When Showering At the End of a Shift Is Time “Worked” for Pay Purposes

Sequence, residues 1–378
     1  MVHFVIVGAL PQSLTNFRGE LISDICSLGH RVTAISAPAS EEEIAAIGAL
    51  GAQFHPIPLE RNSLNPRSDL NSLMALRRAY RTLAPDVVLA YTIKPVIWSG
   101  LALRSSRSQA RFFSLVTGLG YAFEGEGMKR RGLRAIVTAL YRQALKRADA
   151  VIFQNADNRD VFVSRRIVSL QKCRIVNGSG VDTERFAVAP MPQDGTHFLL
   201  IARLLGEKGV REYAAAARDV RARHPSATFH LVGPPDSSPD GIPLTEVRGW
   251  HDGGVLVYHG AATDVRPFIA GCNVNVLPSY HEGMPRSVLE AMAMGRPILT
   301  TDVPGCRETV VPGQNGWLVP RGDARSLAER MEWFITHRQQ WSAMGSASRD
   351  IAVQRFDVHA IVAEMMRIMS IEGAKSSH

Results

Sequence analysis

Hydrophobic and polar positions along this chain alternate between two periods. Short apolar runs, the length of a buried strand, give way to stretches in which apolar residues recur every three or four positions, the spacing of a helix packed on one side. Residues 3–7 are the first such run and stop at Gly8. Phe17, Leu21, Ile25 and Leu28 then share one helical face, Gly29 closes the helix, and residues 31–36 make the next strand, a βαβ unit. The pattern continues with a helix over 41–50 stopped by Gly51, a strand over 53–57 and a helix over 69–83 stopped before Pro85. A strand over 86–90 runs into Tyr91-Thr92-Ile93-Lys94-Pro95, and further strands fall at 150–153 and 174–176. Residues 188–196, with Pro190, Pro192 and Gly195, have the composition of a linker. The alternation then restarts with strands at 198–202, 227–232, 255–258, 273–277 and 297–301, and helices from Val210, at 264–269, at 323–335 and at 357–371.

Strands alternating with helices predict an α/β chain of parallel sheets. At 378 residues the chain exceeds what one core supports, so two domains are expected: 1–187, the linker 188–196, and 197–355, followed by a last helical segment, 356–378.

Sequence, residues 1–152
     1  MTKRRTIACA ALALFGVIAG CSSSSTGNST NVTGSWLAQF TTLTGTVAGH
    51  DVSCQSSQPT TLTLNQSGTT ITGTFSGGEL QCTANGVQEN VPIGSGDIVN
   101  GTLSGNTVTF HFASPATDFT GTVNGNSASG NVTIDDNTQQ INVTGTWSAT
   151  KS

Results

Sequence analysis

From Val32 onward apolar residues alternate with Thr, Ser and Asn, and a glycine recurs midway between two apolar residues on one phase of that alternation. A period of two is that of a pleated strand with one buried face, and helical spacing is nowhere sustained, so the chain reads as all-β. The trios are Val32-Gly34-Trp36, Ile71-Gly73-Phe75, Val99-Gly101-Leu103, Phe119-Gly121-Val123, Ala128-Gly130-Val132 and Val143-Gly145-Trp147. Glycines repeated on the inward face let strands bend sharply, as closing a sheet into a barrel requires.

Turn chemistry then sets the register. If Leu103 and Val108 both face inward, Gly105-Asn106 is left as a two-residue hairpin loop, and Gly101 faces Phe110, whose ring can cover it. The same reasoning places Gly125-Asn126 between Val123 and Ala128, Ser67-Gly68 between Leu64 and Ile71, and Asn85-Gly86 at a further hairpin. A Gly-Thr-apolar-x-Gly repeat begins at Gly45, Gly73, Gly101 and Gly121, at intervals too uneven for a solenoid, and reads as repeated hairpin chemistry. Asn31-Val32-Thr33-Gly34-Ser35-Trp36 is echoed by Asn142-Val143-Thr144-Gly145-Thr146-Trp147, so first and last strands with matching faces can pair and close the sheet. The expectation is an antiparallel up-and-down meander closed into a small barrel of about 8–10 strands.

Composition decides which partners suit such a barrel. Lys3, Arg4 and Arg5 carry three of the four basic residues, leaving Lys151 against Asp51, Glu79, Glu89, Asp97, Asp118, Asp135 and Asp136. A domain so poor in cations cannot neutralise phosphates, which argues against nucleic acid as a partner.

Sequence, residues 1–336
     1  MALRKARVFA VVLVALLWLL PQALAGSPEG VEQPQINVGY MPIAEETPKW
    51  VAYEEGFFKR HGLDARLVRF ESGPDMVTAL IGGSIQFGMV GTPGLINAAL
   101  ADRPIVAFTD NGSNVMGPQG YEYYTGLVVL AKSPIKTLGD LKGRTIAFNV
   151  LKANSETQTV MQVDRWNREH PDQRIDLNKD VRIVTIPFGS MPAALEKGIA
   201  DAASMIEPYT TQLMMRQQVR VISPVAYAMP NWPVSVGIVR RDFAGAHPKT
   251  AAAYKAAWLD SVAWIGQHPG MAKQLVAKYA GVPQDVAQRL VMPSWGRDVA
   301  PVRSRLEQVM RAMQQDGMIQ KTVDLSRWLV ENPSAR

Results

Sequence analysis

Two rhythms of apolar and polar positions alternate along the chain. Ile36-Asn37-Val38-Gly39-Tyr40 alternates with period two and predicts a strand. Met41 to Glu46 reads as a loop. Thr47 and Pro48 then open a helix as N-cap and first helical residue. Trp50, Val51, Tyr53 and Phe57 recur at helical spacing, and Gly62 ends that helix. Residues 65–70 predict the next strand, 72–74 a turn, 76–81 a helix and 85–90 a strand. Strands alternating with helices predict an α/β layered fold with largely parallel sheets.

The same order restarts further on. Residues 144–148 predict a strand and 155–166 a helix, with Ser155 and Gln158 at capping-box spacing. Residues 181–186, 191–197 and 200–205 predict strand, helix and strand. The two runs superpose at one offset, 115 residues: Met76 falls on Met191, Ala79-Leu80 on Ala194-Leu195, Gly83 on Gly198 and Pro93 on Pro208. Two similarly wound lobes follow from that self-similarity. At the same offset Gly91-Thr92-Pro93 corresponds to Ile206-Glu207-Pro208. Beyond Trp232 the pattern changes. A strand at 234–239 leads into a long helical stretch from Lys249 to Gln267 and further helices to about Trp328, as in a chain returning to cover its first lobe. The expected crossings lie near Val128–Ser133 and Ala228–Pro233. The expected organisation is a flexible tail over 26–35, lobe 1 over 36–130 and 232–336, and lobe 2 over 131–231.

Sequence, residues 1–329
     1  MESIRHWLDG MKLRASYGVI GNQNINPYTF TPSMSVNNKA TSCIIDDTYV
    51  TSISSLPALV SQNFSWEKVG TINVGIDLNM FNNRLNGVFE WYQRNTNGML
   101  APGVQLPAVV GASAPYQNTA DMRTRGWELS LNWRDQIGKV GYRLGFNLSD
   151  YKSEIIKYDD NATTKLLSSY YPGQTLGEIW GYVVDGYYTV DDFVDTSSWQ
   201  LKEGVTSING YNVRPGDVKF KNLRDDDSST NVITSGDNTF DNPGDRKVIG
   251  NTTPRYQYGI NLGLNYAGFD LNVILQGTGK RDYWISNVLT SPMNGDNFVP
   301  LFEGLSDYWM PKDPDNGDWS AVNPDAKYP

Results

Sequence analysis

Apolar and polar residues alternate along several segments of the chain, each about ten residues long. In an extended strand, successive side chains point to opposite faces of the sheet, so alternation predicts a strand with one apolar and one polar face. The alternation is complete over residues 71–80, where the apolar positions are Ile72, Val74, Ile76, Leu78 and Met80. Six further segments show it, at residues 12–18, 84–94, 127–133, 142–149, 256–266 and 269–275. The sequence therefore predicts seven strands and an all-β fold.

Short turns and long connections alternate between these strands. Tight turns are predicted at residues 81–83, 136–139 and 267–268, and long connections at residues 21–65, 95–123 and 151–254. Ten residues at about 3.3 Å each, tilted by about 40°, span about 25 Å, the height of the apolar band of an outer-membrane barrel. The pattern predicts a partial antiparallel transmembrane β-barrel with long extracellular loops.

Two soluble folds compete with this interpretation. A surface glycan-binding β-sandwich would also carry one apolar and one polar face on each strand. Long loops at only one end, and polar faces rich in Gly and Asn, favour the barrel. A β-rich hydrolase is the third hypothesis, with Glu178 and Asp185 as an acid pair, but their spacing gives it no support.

The¬†Seventh Circuit Court of Appeals recently decided the appeal of employees asking to be paid for time spent washing off at the end of a shift, which would sometimes cause overtime. The Seventh Circuit is the federal appellate court covering cases arising in Wisconsin and other states in the Midwest. In Musch v. Domtar Industries, Inc., 587 F.3d 857 (7th Cir. 2009), the court affirmed the trial court’s decision to dismiss the employees’ claim to pay for the time spent washing at the end of a shift, even though these¬†employees worked in an environment where they may have been exposed to hazardous chemicals, though the plaintiffs apparently did not present evidence that they were actually exposed on a regular basis and the employer did pay for time spent washing after a known exposure. The rationale behind the opinion is that washing at the end of the shift, where employees do not have a known exposure to hazardous chemicals, is for the convenience of the employee and not the employer. Since the wash time is not a principal activity of the employees’ work or related to a principal activity, it is not “work” and therefore the employer need not pay the employees for their time spent washing up.

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